YouTube looks to challenging year ahead as copyright changes loom
Earlier this year, the EU decided in favour of radial copyright reforms fit for the digital age.
YouTube faces an existential challenge, as it enters the next decade with potential hurdles from EU politicians on copyright changes for the digital era.
Earlier this year, EU member states gave the green light to new copyright measures in the latest step aimed at making tech giants more responsible for paying creatives, musicians and news outlets more fairly for their work online.
The Google-owned platform’s own boss, Susan Wojcicki, has previously warned that the move could cut some EU residents off from videos.
Speaking to the PA news agency, Roya Zeitoune, head of YouTube trending EMEA (Europe, the Middle East and Africa) said the focus for the company at present is keeping video makers in the know about potential issues.
“We’re working closely with rights-holders and creators to ensure that everyone is well-informed about the possible implications EU policy changes,” she explained.
“YouTube is home to incredible creativity and some really cherished communities – we want to ensure that continues for many years to come.”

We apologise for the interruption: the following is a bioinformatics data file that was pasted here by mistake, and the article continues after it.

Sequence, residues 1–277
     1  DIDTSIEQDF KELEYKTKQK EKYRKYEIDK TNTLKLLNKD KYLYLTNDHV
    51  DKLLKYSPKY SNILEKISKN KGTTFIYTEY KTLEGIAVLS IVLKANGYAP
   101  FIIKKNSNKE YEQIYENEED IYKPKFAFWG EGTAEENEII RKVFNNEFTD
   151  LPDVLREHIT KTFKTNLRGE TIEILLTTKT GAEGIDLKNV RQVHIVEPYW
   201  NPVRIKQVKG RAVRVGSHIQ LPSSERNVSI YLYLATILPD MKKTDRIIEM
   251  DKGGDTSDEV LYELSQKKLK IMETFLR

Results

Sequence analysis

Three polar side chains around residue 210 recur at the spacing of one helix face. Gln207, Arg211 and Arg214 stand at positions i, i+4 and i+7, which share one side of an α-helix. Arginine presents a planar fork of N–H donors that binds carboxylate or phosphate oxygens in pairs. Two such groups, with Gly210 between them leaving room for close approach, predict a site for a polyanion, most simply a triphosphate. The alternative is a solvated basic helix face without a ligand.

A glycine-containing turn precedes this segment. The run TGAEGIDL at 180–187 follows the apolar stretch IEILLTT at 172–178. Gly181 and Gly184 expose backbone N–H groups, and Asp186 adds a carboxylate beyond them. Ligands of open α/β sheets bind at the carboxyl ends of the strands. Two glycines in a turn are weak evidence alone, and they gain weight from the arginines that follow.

Looking more positively to 2020, Ms Zeitoune expects to see a “new generation of global superstars originating from the UK”.
“Music is always massive on the platform and there are several breakthrough British artists currently generating hundreds of millions of views on YouTube around the world,” she explained.
“Similarly, ‘how to’ videos are always popular, and I think we’ll see a big trend in sustainable living advice and tips next year.”
YouTuber PewDiePie, whose real name is Felix Kjellberg, has announced he is taking a break from the platform in 2020 because he is “feeling very tired”.
The Swedish internet megastar has 102 million subscribers on his YouTube channel.